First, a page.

In 2002, I was fortunate to be flying as a Captain on a Delta Air Lines Boeing 737-800 which was one of the first airliners to have a “heads up display” (HUD) for the Captain. This HUD is a piece of glass that hangs in front of the pilot, near the windshield, and displays all of the necessary flight data, including altitude, airspeed, heading. The beauty of this system is that it allows the pilot to fly the airplane much more precisely than with previous instrument systems. Plus, he can do that all while continuing to look out the front windscreen.
This image shows Mt Rainier, in Washington state, not long after take-off from Seattle. The HUD shows that we were climbing through 10,980 feet at a true airspeed of 311 knots and a heading of about 118 degrees. The small double circle with the wings sticking out each side shows that our current flight path will take us above and to the right of the mountain’s peak. Of course, we will turn back on course before we get too close to the mountain.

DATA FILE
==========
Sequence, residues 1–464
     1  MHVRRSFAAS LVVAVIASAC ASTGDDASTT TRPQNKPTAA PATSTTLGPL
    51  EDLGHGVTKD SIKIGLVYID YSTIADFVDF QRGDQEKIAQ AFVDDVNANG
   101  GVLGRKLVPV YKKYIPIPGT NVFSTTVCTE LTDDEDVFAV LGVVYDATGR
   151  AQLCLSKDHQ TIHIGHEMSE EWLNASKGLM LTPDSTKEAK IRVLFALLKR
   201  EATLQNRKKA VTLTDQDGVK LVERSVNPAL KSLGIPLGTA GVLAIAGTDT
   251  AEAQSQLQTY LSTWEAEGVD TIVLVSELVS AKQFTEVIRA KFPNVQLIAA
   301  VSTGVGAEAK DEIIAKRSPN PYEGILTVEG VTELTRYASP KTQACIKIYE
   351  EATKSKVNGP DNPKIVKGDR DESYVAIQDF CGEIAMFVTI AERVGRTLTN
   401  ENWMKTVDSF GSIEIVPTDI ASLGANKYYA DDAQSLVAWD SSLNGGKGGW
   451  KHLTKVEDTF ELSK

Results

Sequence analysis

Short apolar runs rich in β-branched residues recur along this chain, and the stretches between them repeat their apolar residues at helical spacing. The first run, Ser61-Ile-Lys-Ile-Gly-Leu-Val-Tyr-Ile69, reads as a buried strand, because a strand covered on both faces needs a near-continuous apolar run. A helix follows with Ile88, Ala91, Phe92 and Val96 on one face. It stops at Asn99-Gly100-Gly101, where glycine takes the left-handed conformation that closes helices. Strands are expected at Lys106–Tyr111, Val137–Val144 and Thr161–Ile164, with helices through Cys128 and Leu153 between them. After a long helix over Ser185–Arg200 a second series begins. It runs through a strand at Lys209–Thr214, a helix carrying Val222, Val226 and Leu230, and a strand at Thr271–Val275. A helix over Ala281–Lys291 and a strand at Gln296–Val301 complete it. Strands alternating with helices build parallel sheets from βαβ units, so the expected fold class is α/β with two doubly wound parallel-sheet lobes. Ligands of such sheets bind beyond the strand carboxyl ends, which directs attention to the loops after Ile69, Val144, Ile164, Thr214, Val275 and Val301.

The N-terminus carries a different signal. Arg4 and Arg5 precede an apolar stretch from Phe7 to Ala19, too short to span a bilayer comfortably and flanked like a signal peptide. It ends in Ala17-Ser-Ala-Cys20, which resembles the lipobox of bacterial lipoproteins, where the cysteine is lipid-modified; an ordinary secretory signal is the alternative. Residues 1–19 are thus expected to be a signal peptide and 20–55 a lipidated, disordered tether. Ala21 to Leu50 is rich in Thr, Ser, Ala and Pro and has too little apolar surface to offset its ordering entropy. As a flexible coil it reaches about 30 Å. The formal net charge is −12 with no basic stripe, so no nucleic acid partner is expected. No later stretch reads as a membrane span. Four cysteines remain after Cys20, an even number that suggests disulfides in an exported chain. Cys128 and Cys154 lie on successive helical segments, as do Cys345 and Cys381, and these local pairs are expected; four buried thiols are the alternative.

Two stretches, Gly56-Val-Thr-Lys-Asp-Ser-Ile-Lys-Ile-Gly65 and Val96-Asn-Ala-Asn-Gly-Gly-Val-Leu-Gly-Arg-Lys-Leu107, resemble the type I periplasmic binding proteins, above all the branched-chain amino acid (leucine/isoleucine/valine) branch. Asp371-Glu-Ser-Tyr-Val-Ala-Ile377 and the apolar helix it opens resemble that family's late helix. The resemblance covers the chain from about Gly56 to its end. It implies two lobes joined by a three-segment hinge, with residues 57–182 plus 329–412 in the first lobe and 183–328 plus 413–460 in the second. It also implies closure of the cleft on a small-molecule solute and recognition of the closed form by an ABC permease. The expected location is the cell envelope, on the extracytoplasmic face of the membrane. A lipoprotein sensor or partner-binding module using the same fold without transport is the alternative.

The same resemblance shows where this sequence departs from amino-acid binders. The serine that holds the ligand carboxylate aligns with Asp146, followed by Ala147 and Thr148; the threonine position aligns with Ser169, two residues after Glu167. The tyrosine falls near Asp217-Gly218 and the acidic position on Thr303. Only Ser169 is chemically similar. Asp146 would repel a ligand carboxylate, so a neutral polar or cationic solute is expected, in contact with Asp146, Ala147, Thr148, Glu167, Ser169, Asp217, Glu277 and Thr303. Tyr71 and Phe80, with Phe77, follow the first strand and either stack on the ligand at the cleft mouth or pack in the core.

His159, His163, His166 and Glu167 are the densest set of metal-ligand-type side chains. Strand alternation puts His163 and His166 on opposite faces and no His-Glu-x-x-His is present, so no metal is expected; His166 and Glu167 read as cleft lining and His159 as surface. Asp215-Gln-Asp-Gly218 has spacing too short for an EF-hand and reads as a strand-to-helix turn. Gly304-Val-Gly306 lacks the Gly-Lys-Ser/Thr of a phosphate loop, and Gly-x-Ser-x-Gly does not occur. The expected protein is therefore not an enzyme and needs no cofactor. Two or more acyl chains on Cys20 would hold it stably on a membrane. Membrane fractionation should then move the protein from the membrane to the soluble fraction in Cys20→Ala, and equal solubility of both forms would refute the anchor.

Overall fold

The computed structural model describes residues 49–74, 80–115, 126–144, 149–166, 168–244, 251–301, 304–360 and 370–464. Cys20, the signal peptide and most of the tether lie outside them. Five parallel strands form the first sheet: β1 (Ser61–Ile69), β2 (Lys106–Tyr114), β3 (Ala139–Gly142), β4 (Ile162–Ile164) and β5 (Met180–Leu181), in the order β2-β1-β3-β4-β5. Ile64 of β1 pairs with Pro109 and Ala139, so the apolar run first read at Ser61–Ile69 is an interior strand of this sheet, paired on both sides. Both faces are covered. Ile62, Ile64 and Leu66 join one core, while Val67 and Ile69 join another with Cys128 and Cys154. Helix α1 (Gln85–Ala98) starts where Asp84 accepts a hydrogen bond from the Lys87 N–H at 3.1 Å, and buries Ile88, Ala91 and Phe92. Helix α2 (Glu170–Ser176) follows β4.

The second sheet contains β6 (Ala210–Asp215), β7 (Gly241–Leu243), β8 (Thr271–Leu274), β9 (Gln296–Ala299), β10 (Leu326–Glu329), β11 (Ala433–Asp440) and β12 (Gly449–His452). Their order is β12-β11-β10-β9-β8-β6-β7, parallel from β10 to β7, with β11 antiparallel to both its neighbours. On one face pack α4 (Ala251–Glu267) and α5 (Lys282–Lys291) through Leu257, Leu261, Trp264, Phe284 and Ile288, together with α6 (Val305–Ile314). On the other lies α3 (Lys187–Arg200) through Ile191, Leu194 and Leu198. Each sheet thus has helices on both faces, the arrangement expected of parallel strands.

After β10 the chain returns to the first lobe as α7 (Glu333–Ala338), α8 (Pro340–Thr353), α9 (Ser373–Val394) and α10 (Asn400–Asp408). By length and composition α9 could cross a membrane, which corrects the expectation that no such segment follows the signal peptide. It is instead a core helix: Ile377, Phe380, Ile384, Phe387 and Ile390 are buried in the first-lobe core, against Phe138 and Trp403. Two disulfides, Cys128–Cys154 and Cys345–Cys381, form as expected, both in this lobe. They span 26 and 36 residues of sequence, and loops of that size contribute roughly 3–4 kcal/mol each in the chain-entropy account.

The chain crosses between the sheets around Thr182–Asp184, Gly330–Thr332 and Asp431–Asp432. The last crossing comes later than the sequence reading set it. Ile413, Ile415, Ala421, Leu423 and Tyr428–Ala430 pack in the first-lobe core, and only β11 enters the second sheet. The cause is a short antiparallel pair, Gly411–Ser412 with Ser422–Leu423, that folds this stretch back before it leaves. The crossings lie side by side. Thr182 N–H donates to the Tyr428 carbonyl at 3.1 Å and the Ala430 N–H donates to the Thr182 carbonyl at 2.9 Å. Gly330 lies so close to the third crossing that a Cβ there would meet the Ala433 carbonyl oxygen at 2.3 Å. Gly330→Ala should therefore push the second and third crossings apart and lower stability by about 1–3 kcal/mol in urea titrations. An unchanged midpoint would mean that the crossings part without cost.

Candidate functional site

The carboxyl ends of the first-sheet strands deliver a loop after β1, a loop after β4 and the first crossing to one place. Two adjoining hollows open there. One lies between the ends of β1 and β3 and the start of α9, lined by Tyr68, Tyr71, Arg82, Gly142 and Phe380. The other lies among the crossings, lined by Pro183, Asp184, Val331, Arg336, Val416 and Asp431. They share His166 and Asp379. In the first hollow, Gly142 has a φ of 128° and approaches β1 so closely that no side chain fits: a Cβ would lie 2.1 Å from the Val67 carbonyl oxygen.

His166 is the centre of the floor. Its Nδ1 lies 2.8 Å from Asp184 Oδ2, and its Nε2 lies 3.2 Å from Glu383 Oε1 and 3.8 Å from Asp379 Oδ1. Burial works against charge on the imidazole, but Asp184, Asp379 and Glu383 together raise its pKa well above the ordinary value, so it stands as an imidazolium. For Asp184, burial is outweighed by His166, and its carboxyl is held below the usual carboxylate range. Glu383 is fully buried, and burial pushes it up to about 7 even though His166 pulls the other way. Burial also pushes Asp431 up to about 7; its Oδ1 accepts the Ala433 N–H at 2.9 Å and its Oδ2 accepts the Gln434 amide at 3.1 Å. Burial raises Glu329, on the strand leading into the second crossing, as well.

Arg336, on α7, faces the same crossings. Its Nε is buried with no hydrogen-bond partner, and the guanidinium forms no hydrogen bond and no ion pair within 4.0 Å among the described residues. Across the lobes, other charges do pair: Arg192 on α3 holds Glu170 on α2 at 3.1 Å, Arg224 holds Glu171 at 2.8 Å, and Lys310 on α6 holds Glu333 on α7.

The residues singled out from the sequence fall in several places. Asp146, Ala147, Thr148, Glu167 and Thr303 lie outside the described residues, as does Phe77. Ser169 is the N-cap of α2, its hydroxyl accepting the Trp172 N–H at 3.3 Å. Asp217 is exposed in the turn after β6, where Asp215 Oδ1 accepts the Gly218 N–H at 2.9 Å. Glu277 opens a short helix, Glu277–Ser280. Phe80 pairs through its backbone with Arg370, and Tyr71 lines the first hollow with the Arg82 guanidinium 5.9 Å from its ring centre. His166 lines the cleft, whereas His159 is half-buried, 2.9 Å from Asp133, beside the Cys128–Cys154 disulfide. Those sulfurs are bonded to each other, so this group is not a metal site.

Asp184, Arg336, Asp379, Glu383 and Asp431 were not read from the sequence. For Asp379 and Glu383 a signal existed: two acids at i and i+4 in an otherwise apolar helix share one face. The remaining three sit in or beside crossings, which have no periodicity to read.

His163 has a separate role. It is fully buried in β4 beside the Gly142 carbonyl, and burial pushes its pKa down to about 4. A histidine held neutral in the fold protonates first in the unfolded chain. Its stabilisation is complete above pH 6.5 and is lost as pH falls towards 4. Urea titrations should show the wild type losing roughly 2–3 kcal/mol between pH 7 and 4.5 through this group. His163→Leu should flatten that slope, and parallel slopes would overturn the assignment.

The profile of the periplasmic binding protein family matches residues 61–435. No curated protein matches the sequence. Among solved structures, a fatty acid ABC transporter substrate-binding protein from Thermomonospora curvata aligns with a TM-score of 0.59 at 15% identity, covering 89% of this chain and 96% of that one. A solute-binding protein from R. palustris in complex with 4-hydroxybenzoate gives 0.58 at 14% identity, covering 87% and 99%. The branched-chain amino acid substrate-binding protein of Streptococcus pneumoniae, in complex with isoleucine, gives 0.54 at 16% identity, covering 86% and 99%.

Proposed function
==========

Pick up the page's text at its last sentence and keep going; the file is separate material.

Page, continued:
I made this image with my first digital camera, the Canon D30.
Years ago I wrote in my profile somewhere, “Photography provides a way to capture time and then travel back there whenever you wish. Every time you look at a photo, it can transport you back to that moment, allowing you to relive and remember.”
Recently, I was browsing through some of my old photos and came across a series I took in 2004, back in my Canon days with the 10d. About a week after I retired from flying airplanes for Delta Air Lines, I struck out on a solo photo journey through part of the great American southwest. The main points of interest on my itenerary were those awesome national parks: The Grand Canyon, Monument Valley, and Canyonlands.